|Bloggage, rants, and occasional notes of despair|
Scott Palter at a senile cow's rightwing rants has an interesting NYT article on the Pakistani nuclear network, and some comments on it. I pretty much disagree with the preferability of the options he offers.
The 1947 partition of India by the British Laborites was of a stupidity and vileness that went unnoticed only because it happened in the wake of WWII. The economy and military might of India has grown absolutely and relatively to that of Pakistan to the point where, if there is a fourth Indo-Pak war, Pakistan will become extinct. The only thing that could save it would be direct U.S. intervention, and I do not see the U.S. doing that in any foreseeable future, even to prevent nuclear war (especially as that intervention would more likely to trigger than to prevent it).
That war wouldn't be at all fun. Leaving out such unlikely scenarios as U.S. and/or Israeli special forces managing to secure all of Pakistan's nuclear weapons before they can be used, the war will go nuclear. The result would likely be 200 million dead, either direct casualties of the war, or dying of starvation or disease in its aftermath, due to destruction of the subcontinent's infrastructure. However, India would survive it; there would be a badly damaged but still viable political and economic structure afterward. Pakistan would not; I would estimate that 65-80% of its population would die as a result of that war, directly or indirectly.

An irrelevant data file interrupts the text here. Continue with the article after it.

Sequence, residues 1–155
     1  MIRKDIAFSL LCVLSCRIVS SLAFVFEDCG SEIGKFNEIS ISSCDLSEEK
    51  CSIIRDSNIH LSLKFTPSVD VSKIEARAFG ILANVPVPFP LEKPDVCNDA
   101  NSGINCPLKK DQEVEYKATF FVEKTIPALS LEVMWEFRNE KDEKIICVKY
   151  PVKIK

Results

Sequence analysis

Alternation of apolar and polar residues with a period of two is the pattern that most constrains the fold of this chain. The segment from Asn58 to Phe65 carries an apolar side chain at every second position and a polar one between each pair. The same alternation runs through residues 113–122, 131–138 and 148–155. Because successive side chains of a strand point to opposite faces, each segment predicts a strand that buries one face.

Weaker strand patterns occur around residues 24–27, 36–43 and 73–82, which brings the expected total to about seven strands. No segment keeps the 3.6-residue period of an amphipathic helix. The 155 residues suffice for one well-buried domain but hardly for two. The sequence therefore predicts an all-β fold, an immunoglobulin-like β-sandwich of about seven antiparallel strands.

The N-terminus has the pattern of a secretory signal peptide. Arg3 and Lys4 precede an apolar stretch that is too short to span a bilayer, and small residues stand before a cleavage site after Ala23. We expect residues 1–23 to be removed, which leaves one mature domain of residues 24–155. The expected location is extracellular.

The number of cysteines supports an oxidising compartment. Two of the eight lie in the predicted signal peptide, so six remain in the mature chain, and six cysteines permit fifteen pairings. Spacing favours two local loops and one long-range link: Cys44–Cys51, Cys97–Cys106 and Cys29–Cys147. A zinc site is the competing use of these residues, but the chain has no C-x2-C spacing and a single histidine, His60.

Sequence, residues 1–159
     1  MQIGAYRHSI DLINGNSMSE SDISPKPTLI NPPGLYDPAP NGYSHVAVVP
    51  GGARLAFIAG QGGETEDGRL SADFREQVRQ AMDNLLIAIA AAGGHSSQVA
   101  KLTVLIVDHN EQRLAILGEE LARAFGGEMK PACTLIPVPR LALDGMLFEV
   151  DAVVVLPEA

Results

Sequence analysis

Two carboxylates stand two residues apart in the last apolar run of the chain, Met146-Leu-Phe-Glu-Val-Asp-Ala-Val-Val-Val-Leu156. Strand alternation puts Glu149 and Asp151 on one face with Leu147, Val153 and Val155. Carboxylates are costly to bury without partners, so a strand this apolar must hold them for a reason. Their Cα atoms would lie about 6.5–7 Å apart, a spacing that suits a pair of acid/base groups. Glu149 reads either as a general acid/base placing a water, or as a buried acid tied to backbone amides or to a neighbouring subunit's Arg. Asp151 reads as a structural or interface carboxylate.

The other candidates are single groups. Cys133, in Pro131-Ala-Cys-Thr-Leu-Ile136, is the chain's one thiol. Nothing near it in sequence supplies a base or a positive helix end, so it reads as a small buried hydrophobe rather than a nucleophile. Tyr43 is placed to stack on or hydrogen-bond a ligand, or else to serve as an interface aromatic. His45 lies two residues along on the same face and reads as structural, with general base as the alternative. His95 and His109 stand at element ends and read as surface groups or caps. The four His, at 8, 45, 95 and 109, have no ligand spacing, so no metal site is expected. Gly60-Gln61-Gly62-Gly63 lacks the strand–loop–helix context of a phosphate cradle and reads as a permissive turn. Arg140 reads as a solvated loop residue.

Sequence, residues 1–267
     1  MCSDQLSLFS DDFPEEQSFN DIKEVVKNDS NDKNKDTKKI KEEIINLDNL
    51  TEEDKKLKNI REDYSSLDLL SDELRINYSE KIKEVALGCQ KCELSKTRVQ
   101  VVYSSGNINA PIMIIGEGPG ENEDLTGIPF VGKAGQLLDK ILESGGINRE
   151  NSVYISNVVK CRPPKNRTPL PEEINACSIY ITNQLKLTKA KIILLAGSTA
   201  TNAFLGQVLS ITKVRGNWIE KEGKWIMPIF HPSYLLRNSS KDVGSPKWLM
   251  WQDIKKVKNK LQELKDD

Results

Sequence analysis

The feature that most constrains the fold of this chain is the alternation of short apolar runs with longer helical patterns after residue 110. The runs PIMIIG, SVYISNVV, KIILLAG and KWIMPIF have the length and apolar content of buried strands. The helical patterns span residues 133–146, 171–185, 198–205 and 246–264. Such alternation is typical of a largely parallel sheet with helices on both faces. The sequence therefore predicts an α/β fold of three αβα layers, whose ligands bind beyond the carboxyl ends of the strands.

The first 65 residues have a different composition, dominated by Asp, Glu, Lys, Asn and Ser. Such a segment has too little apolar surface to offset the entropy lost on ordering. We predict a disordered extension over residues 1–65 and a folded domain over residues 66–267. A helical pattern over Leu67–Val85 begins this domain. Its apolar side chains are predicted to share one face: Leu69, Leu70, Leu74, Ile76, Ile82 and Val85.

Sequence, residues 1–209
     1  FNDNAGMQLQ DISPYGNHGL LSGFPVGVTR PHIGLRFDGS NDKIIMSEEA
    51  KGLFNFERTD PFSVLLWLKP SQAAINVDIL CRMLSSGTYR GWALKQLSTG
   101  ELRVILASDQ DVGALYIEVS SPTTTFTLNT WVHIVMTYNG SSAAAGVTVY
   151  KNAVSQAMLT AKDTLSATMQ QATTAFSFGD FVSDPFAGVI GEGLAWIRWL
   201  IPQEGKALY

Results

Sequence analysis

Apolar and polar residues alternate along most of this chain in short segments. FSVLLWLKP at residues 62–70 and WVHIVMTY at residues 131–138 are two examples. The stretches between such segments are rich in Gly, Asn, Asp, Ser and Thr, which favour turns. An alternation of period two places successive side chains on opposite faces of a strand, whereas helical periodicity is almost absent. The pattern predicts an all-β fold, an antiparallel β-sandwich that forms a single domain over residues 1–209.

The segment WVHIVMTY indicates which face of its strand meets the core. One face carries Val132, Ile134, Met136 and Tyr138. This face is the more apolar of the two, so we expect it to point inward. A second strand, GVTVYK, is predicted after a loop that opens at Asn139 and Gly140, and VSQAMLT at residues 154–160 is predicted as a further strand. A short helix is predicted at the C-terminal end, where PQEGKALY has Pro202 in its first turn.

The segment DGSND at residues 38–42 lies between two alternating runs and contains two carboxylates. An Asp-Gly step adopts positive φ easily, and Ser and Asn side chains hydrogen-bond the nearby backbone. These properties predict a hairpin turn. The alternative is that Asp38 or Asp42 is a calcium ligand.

Musharraf is caught between the rock of Islamism and the hard place of American demands for co-operation against al-Qa'ida, but that is less his fault than ours, and it is because our political and cultural élites refused to countenance either empire or autarkic isolationism. Some concessions of textile tariffs and the promise of a bolthole for Musharraf personally could have bought far more pro-Americanism, but we're good little democrats who don't play those games.
His scenario #2 is merely hoping that the horse learns how to sing, putting off the evil day until it is, perhaps, immensely more evil. A stable, moderate Pakistani government that shuts down the madrassas, the ISI, and the barely-covert nuclear technology sales is possible -- in the sense that it would not violate the laws of physics. It is possible in the same sense that a delegation will arrive from the U.N., informing me that I've been elected king of the world...but I do not sit on my doorstep with crown, orb, and sceptre, awaiting the glorious day.
I would argue that U.S./Indian relations in the past, which admittedly have ranged from bad to chilly, were largely a product of Cold War, a/k/a "World War 2½", compounded by Congress socialism, the ambition of the now extinct Nehru/Gandhi dynasty, and the pernicious myth of republican isolationism so pervasive in American politics. India will not be the good little puppet of the U.S. It could be a junior partner -- and could even grow in strength to be the senior partner -- of a serious international alliance that includes both nations. Such an alliance, however, must by its very nature exclude Pakistan as an independent polity.
John "Akatsukami" Braue Friday, January 09, 2004